by Deji Asiru-Balogun
1. Pets die with their eyes open. It takes active muscle control to close the eyes. (The same is true of humans.)
2. Many pets “hide” when they are sick. This is a defensive mechanism to prevent predators from spotting them in a vulnerable state.
3. Many pet owners think that when a pet goes off to “die” it is a peaceful death but many times (most times) it is not. Many pets will suffer for hours or even days before they die.
4. When humans die, the sense of sight is the first to go and hearing is the last. The same is thought to be true for dogs and cats.
5. Many pets will continue to breathe and have muscle movements after their heart has stopped.
6. The oldest living dog documented was an Australian Cattle-dog named Bluey who was owned by Les Hall of Rochester, Victoria, Australia. Bluey was obtained as a puppy in 1910 and worked among cattle and sheep for nearly 20 years. He was put to sleep on November 14, 1939 at the age of 29 years, 5 months.
7. According to the Guinness Book of Records, the oldest cat on record was a domestic longhair by the name of Spike. Until 2001 when he passed away at the ripe old age of 31 (that’s 140 in human years, but who’s counting?), Spike was still happily chasing spiders and enjoying life. Spike lived in Dorset, England with his owner, an aromatherapist named Mo Elkington. (Another British cat was recorded to be 34 years old when it died in 1957, but it was not documented by Guinness.)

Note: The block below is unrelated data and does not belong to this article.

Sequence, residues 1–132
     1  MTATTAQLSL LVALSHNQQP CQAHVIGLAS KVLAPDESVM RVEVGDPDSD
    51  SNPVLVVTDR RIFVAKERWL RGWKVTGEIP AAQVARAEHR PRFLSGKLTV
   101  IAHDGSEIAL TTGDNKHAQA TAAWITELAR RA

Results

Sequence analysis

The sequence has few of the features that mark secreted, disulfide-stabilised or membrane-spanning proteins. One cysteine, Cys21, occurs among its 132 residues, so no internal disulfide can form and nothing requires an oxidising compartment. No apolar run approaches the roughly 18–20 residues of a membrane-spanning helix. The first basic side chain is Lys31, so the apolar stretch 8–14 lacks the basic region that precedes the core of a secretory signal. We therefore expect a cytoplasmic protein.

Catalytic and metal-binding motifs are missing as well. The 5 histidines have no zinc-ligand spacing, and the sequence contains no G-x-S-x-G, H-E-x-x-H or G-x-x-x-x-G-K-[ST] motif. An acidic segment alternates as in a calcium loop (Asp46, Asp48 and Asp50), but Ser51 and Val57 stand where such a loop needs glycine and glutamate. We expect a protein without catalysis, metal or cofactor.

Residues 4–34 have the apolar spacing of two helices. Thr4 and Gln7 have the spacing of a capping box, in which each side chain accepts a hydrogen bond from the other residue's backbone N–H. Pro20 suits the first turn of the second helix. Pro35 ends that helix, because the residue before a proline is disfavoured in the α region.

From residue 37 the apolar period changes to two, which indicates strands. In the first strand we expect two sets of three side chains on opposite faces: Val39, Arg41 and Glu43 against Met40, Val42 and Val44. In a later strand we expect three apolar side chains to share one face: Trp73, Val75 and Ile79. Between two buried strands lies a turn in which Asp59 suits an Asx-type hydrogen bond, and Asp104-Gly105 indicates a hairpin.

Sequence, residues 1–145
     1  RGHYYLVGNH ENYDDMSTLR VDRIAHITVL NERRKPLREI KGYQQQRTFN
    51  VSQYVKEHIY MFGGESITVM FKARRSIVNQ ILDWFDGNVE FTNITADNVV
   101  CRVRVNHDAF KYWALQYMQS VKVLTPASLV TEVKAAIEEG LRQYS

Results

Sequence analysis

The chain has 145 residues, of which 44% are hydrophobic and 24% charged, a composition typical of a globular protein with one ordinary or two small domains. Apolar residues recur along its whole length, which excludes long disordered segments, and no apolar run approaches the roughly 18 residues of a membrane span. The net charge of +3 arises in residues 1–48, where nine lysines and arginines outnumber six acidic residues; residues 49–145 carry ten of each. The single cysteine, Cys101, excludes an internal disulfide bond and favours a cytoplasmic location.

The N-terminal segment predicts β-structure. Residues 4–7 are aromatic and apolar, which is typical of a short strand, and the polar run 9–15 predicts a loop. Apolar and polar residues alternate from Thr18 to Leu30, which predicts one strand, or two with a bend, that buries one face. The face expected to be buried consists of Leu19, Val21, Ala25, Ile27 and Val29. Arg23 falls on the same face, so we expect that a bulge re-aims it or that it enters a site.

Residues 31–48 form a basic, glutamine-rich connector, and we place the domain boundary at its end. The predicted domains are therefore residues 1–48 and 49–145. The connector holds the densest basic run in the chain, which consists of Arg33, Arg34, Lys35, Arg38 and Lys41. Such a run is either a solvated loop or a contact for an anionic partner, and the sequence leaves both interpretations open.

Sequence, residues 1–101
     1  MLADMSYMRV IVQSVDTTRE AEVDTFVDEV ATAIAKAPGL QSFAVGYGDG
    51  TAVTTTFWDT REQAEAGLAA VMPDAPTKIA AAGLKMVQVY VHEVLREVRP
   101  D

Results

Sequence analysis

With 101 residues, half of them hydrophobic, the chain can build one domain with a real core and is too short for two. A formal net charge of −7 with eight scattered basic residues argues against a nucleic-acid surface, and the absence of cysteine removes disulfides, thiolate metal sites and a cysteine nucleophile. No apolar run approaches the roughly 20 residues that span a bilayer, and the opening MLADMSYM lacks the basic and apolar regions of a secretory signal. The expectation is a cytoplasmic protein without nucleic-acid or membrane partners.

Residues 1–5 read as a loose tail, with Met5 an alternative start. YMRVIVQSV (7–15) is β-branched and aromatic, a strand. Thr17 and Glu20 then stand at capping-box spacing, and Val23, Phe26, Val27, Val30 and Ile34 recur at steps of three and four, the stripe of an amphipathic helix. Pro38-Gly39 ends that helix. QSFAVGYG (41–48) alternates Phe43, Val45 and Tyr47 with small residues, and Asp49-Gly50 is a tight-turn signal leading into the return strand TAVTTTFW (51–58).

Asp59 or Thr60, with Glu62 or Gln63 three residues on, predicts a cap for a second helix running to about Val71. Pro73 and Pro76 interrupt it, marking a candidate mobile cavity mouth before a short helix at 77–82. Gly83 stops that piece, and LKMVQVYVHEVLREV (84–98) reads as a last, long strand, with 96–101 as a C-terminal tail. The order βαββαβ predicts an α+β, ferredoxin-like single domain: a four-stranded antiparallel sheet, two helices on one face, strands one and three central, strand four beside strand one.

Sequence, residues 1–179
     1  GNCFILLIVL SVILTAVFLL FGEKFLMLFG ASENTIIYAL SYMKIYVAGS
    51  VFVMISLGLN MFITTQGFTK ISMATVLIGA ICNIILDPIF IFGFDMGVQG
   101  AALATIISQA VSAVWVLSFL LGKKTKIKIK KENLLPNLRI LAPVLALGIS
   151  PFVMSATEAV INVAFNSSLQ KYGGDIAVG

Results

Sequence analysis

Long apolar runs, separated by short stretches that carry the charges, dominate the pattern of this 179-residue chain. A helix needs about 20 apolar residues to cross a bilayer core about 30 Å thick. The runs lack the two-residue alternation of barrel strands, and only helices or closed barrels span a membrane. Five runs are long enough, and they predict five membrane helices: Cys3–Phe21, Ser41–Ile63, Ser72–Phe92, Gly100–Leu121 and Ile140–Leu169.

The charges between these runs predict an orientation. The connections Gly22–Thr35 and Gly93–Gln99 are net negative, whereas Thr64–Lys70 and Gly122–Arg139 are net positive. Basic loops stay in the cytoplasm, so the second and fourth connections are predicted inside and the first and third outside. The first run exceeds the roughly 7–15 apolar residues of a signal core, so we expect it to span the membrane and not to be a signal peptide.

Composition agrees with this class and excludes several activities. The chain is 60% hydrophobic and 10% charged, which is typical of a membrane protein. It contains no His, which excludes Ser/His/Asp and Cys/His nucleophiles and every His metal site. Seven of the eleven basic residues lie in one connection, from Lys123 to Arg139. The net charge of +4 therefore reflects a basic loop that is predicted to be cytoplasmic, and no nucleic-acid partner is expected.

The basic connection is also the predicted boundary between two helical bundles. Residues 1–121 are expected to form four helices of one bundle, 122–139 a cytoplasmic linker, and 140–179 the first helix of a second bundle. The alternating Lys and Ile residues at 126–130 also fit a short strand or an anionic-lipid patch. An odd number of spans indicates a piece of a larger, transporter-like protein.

8. Dogs do not suffer from myocardial infarction (heart attack) as people do. In dogs, the term is typically used to either define a collapsing episode (more accurately termed as syncope or loss of consciousness) or to describe sudden death of an animal in terms that people can understand.
9. Humans are not the only species to bury their dead. Both chimpanzees and elephants have been observed covering the bodies of deceased members of their groups. Scientists have observed elephants gently touching the skulls and tusks of other elephants long after the bodies have decomposed.
10. The pharaohs of ancient Egypt believed that animals and people shared the afterlife so they wanted to be buried with the animals that shared their lives. Beloved pets were frequently mummified and placed into tombs with their owners.
11. Pets get almost every disease that humans get including diabetes, heart disease, lung disease and cancer.
Until next time.
Deji Asiru-Balogun blogs from www.wildeji.blogspot.com and tweets from @Wildeji
Op-ed pieces and contributions are the opinions of the writers only and do not represent the opinions of Y!/YNaija.